'Sarah Palin's Alaska' debuts on TLC on Sunday, joining one of the hottest trends in politics: the future candidate as TV personality. Can viewers tell where a show ends and a campaign begins?
Gilles Mingasson/AP Photo/TLC
In what has 2012 election-watchers holding their breath, former governor Sarah Palin takes to the basic cable airwaves on Sunday with her home state reality show/travelogue, “Sarah Palin’s Alaska,” on TLC at 9 PM.
The show doesn’t answer the question of whether she will run for president in 2012, although it does address another pressing Palin mystery: Can we see Russia from there? “Almost,” she says.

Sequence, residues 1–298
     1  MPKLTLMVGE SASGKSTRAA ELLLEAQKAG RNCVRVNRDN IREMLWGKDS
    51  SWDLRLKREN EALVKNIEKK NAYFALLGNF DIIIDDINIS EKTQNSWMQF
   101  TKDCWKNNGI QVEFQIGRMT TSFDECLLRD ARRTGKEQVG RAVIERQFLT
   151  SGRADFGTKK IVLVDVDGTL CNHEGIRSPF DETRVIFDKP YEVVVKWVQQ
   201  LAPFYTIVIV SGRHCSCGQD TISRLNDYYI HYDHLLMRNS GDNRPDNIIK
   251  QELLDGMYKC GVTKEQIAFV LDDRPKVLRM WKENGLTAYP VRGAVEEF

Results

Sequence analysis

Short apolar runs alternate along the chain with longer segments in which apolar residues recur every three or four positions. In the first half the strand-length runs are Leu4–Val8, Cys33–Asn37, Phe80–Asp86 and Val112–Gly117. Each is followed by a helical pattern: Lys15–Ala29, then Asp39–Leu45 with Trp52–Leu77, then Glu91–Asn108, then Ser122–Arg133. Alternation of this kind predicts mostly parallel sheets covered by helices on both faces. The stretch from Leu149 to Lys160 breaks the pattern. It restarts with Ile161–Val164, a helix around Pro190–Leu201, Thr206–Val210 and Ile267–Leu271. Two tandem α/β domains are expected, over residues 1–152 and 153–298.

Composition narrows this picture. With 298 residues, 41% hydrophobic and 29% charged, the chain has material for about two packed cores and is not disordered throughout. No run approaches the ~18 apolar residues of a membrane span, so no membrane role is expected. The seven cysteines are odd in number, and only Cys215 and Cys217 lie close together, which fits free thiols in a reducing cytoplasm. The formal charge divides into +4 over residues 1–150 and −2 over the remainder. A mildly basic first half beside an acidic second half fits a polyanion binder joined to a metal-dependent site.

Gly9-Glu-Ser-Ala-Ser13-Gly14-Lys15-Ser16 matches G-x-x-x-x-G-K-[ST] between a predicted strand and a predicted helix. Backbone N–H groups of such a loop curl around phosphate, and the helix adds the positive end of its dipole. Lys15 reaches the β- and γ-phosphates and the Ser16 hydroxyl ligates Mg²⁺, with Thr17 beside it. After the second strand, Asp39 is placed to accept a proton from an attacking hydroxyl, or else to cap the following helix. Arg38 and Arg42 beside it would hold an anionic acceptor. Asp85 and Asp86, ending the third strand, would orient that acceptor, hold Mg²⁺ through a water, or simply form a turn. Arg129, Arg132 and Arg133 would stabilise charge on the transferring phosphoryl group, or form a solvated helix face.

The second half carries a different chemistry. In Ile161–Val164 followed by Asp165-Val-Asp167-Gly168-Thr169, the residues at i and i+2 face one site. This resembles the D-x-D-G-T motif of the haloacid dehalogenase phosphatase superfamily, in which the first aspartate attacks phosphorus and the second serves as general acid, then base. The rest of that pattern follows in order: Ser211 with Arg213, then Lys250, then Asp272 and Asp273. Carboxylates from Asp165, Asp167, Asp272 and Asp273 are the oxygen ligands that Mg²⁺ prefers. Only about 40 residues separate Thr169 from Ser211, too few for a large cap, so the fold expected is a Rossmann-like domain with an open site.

But it does fit into one of the hottest political trends of the past few years: political hopefuls landing paid gigs on national media outlets as they unofficially nurse their greater political ambitions. Whether the goal is national, (think Mike Huckabee with his own Fox show, or Rick Santorum, Newt Gingrich and Ms. Palin – all on the Fox payroll) or statewide (think Eliot Spitzer, whom many speculate is priming the pump for another run at New York State attorney general or even governor, now with his own daily CNN show), this is the campaign strategy-du-jour.